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Polycystic Ovarian Syndrome (PCOS) is a

very common condition affecting at least

14% of all women of reproductive age.

In 2003, the Rotterdam ESHRE/ASRM

Consensus Group revised Diagnostic

Criteria for PCOS which are:

1. Oligo- and/or anovulation

2. Hyperandrogenism (Clinical [hirsutism,

acne] and/or biochemical)

3. Polycystic ovaries (at least 10 antral

follicles in periphery ± increased

ovarian stroma)

2 out of 3 criteria are required for

diagnosing the syndrome


• Unknown but results from a

combination of several related factors.

•Women with PCOS frequently

have a mother or sister with PCOS.

But there is not enough evidence

yet to say there is a genetic link to

this disorder.

• An imbalance between the pituitary

gonadotropin luteinizing hormone

(LH) and follicle-stimulating hormone

(FSH), resulting in a lack of ovulation

and an increased testosterone

production, a male sex hormone.

• Many women with PCOS have a

weight problem. So researchers are

looking at a relationship between

PCOS and the body’s ability to

make insulin. Insulin is a hormone

that regulates the change of sugar,

starches and other food into energy

for the body’s use or for storage.

Many women with PCOS have

insulin resistance, in which the body

cannot use insulin efficiently. Since

some women with PCOS make

too much insulin, this leads to high

circulating blood levels of insulin,

called hyperinsulinemia. It is believed

that hyperinsulinemia is related to

increased androgen levels and it is

possible that the ovaries react by

making too many male hormones,

androgens.This can lead to acne,

excessive hair growth, weight gain

(obesity), and ovulation problems as

well as type 2 diabetes. In turn, obesity

can increase insulin levels, causing

PCOS to get worse.

Treatment of PCOS

Lifestyle change and change in diet are

absolutely paramount.The long-term

consequences of PCOS should also

be highlighted. Prophylactic use of

Metformin in women with impaired

glucose tolerance to prevent progression

of diabetes is gaining increasing acceptance.

The effectiveness of Metformin, in relation

to ovulation induction, has been evaluated

and the most recent meta-analysis of

27 trials (Moli et al November 2007)

concluded that Clomiphene Citrate

(CC) should still be the first choice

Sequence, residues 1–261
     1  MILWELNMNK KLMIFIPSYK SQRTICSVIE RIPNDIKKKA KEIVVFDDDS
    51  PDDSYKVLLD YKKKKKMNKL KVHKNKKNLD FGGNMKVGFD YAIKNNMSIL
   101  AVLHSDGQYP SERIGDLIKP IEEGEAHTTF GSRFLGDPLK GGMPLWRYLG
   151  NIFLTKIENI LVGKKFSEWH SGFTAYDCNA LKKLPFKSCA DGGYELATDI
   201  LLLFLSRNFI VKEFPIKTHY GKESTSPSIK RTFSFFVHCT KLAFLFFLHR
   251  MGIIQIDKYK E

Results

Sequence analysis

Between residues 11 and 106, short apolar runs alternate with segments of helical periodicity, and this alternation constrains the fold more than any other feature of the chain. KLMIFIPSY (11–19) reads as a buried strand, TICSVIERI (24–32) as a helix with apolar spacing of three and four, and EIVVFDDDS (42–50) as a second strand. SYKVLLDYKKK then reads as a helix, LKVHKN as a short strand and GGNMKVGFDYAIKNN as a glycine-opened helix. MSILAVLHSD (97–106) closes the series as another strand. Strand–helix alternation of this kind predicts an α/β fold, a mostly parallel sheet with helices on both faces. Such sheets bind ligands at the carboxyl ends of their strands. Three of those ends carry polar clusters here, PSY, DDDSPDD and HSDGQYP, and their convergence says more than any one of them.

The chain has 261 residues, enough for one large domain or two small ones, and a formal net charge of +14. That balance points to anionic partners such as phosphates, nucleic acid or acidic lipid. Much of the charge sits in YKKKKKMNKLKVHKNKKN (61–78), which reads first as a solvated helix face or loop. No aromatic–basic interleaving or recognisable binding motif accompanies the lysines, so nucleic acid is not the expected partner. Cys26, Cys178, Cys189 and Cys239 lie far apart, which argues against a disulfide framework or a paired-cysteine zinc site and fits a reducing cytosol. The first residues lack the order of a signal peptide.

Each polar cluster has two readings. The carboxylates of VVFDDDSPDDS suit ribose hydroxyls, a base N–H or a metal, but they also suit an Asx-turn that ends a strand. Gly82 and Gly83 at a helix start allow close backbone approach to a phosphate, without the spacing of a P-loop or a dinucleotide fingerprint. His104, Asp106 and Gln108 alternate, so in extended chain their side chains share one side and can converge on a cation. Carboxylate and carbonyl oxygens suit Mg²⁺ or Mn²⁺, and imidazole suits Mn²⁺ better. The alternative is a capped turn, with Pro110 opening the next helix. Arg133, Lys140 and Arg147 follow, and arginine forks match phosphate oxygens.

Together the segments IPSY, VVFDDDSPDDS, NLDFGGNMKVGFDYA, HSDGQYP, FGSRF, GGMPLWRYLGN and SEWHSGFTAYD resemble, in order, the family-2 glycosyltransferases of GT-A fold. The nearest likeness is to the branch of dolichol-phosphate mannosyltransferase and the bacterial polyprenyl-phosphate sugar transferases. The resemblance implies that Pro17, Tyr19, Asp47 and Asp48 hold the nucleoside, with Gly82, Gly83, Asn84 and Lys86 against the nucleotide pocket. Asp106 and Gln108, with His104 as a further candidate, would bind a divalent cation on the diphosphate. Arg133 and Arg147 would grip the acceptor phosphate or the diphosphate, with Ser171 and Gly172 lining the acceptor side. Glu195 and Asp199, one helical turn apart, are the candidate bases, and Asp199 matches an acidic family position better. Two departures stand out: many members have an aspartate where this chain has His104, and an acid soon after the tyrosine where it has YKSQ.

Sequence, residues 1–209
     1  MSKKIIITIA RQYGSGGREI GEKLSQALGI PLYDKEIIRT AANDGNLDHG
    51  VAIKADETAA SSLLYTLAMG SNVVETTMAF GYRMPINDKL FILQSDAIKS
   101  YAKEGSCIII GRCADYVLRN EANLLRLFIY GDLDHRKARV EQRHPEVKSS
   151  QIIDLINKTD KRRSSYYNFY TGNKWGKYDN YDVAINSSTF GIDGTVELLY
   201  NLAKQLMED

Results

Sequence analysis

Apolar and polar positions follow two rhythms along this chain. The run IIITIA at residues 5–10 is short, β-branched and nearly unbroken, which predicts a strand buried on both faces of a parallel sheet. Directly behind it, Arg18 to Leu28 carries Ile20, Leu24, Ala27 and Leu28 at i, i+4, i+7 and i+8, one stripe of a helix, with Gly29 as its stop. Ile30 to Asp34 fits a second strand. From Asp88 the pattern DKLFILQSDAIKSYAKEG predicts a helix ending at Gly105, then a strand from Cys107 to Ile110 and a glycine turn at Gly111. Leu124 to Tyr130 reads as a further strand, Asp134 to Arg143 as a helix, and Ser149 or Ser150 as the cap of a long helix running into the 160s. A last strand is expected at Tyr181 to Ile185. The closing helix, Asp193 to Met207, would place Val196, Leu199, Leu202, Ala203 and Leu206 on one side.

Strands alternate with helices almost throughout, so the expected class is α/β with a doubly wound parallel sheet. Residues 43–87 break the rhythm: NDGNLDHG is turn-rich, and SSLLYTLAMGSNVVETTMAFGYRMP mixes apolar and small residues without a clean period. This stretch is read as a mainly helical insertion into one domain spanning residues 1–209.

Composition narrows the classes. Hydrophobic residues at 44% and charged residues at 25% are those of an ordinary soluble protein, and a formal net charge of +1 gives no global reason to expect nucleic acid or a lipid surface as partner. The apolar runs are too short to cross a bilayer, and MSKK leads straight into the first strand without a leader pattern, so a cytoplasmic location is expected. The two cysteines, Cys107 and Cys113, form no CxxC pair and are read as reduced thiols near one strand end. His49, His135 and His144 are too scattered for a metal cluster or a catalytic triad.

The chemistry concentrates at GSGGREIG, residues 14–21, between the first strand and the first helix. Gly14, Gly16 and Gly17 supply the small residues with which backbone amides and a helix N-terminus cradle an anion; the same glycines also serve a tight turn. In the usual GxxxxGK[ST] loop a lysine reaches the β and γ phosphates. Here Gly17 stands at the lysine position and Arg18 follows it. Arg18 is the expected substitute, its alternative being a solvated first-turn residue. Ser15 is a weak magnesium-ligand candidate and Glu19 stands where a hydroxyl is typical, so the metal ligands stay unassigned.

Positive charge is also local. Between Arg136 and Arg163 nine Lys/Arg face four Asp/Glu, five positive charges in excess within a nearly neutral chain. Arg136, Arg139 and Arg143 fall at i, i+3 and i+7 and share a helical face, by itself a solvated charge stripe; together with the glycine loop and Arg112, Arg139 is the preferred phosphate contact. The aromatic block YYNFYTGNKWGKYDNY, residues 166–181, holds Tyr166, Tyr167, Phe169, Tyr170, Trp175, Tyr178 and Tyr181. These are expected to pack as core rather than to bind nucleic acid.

therapy for women with therapy naïve

PCOS (no previous treatments). In CC

resistant women, a combination of CC

plus Metformin is more effective than

laparoscopic ovarian drilling or FSH.

Polycystic Ovarian Syndrome

What’s New?


• Irregular periods (cycle greater than

35 days or lack of periods).

• Irregular ovulation or no ovulation.

• Infertility; difficulty in becoming


• Recurrent miscarriages.

• Unwanted facial and/or body hair


• Oily skin, acne.

• Being overweight, rapid weight gain

especially around the waist and

abdomen (central obesity); difficulty

in losing weight.

Investigation of PCOS:

• Transvaginal Ultrasound (specific

reporting on numbers of antral

follicles essential).

• FSH/LH ratio (on day 3-5 of menses

or after progesterone challenge, avoid

mid-cycle day 18-20 in women with

cycles less than 35 days).

• Androgen profile.

• Oral glucose tolerance test if BMI

>27 /Thyroid function tests.

• Lipid profile (cholesterol, LDL and




Mr Joseph Aquilina FRCOG is

a Consultant Obstetrician and

Gynaecologist at St.Bartholomew’s

and The Royal London Hospitals.

He provides a specialist service

in Gynaecological Ultrasound and

is recognised as a Preceptor for

training in gynaecological scanning by

the Royal College of Obstetricians

and Gynaecologists. He offers a

comprehensive one-stop service

in the management of menstrual

disorders, pelvic pain and polycystic

ovarian syndrome. He is available

for consultations at London Bridge

Hospital on Tuesday afternoons/early

evenings. Appointments can be made

by telephoning Mr Aquilina’s personal

assistant on

020 8504 5381


or email

[email protected]


Take home messages:

• Presenting symptoms are highly variable.

• Not all women with PCOS are infertile.

• Treatment of PCOS is highly


• Lifestyle changes and exercise are

mandatory as part of the management

of the condition.

• Metformin may have a role in treatment

of POC and a six-month trial is

worthwhile, especially in obese PCOS.

• For women requesting cycle control, oral

contraceptive pill with anti-androgen

activity (Yasmin) should be offered.

• Clomiphene is the initial treatment of

choice in infertility.

• Clomiphene plus Metformin may be

more effective than ovarian drilling or IVF.


PCOS is a very common problem that

has both short-term effects upon

reproductive function and longer term

effects upon the risk of diabetes and

cardiovascular disease. Challenges for

the future are the management of

overweight adolescents with PCOS

and the use of Metformin as an adjunct

to IVF treatment in women with PCOS

and its use in antenatal period.